2009 Daytona 500 controversies (updated to address comment)

February 17, 2009

One of the growing pains NASCAR has from trying to break out of the relatively insulated world of motor sports into the top tier of sports is the things that motor sports fans are accepting of are unacceptable to outsiders.

This is evident in reaction to a couple of controversies over this past weekend’s Daytona 500.

One controversy surrounds the circumstances of the race ending.  With 54 (of 200)  laps to go, Matt Kenseth passed Elliot Sadler for the lead of the race.  An accident further back in the field brought racing to a halt. As the cars slowly circled the track, rain started to fall and with 48 laps to go, the cars were brought to a halt.  Shortly thereafter, NASCAR determined that the rain was unlikely to stop soon enough to resume the race in a timely fashion.  As NASCAR rules only require 50% of the race to be run before being official, Matt Kenseth was the winner.

A local sportscaster objected to this, saying that it’s the Daytona 500, not the Daytona 380.  Joining him in this line of reasoning is CNBC’s Sports Biz blogger Darren Rovell. Rovell is flabbergasted that the race was not resumed and run to completion:

To NASCAR fans in the stands, this wasn’t blasphemy. There was no explanation needed. No interview with NASCAR president Mike Helton to explain the call. After all, it was only six years ago that Michael Waltrip won a rain-shortened Daytona 500. You might have heard of that race — the Daytona 272?

Can you believe that not a single member of the media at the Daytona 500 questioned the authorities as to why the rules allow this to happen? I know this because I e-mailed with NASCAR’s managing director of corporate communications, Ramsey Poston, who told me my line of questioning was the first time the idea of canceling the race was even talked about with a reporter.

A possible reason why there was no questioning  as to why NASCAR “let this happen” is that this situation is the norm for all forms of motorsports.  The  Indy Racing League operates under identical rules for its oval track races.  Its flagship race, the Indy 500, ended under similar circumstances in 2007, 85 miles short of the finish.  In 1976, the race was run the bare minimum, 255 miles, before being brought to a rain-induced end (see Indy 500 rain postponement history).  At least NASCAR and IRL give its fans some sort of guarantee. The rules of the international king of motor sport, Formula One,  state that once a race is begun, it can only be two hours in length, regardless of whether rain impedes or stops the racing.  Formula One’s crown-jewel race, the Grand Prix of Monaco was affected by this rule in 1997, and in 1991, the Australian Grand Prix was run to a mere 17% completion before coming to an end.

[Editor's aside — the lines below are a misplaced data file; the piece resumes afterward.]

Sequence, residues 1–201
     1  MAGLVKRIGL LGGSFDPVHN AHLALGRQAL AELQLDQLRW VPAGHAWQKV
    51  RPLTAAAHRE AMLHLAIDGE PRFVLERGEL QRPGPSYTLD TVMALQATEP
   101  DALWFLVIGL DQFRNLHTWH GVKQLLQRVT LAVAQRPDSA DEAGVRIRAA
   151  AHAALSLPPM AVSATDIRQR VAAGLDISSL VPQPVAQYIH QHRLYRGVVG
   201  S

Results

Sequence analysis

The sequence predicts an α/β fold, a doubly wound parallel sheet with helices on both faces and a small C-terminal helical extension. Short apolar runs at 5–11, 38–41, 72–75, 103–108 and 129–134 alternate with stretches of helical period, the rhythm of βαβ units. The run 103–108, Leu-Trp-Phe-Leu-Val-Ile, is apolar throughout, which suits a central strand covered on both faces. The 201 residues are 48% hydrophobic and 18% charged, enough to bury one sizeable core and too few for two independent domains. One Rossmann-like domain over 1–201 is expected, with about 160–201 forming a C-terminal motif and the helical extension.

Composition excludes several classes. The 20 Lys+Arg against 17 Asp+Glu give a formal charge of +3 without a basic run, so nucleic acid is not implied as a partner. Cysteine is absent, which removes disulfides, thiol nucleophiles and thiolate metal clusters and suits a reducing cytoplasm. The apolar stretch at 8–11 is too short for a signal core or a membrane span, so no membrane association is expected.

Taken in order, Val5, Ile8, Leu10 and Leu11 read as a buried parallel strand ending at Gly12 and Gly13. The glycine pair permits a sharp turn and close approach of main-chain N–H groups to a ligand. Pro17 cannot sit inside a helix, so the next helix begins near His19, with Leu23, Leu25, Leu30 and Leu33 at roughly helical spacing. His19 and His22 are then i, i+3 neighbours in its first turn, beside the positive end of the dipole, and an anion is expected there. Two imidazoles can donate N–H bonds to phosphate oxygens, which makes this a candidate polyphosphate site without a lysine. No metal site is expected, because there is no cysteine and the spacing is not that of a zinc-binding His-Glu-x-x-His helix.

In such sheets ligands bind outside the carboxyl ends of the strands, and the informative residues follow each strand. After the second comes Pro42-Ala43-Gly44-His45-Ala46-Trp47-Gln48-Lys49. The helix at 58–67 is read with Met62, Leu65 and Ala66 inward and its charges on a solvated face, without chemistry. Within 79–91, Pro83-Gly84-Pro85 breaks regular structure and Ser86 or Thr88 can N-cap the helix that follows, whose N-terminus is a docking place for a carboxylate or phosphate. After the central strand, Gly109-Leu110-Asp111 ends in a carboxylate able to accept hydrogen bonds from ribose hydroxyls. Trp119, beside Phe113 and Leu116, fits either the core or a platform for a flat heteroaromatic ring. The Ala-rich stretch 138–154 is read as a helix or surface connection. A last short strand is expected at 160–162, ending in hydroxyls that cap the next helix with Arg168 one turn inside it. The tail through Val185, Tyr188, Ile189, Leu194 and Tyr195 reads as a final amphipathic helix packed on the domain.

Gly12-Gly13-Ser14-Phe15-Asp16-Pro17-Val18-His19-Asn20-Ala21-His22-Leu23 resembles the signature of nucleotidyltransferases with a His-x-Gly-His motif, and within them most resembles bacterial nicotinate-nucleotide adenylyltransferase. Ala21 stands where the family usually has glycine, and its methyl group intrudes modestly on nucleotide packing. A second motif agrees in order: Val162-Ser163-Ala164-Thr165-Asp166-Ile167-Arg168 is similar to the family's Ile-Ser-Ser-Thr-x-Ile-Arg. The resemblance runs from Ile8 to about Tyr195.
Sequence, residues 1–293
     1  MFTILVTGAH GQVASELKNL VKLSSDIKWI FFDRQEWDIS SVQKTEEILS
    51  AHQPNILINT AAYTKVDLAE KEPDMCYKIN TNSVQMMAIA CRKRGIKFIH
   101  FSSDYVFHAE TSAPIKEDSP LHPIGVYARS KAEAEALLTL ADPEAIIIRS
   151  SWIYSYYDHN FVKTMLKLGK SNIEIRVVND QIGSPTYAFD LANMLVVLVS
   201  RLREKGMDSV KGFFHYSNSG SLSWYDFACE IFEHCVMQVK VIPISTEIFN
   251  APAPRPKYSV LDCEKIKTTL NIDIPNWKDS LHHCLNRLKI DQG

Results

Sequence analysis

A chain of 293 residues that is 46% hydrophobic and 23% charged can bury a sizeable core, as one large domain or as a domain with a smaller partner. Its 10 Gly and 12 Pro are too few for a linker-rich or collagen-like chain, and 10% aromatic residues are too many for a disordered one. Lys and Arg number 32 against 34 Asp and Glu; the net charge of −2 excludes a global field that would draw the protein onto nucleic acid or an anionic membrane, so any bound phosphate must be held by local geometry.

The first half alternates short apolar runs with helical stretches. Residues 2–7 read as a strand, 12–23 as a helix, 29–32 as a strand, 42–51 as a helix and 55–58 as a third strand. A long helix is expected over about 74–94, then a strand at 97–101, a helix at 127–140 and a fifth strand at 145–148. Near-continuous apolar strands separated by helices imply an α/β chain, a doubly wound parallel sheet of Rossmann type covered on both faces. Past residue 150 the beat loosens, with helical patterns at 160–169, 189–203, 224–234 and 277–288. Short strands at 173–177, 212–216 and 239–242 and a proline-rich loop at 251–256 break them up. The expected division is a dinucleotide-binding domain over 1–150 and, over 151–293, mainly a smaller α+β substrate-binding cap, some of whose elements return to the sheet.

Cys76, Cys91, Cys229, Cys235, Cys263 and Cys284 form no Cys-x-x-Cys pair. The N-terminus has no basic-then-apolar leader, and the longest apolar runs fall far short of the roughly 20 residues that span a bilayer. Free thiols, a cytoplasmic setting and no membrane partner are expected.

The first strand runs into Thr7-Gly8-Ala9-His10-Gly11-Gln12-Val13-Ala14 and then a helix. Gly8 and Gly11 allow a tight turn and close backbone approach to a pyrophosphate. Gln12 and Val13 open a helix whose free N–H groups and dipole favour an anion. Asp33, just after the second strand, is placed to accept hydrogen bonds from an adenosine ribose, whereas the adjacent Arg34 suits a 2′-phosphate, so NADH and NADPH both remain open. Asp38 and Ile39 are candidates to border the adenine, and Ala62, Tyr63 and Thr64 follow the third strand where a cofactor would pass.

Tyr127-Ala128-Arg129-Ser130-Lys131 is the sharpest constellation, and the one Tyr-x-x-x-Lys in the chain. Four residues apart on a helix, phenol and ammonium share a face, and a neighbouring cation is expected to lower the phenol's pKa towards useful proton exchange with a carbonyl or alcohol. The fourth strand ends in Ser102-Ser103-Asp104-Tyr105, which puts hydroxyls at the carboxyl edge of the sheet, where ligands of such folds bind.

Coming from a general sports background, Rovell is almost certainly ignorant of the situation in the other forms of auto racing. Prior to NASCAR trying to break into the upper echelons of sport, it wouldn’t have had journalists covering it who were so ill-informed on racing in general.

The second controversy involves an accident between Dale Earnhardt Jr and Brian Vickers.  It stems from an incident in the second tier Nationwide Series race the day before.  After colliding with Steve Wallace (~40 seconds into the video),  Leffler was penalized five laps for aggressive driving (a very harsh penalty, as it causes the driver to have to mostly rely on other people crashing out to gain any positions).  However, no such penalty was awarded in the Earnhardt Jr./Vickers crash.  With this in mind, Florida Times-Union columnist Gene Frenette  noted the seeming inconsistency and declared NASCAR’s no-call as “an inexcusable move” .  He alleges that NASCAR’s lack of consistency was a result of Earnhardt Jr’s popularity.

As a long-time NASCAR fan, I had a different view of the matter.  It is fairly well known among motorsports fans that NASCAR is horribly inconsistent in awarding penalties, whether it be for “aggresive driving” or cars not meeting specifications.  The phrase “professional wrestling rulebook” is not uncommon when referring to the governing body.

I was aghast at the penalty awarded to Leffler.  Aggressive driving is usually cited for gross instances, often when retaliation is involved (see Casey Mears Richmond, David Gilliand Texas, et al.) When I saw this punishment being awarded for something so subtle as Leffler’s brush of Wallace, I said aloud “Wow. If they call this the same way the whole season, there are going to be A LOT of people serving penalties. Somehow, I don’t think that’s going to be the case” .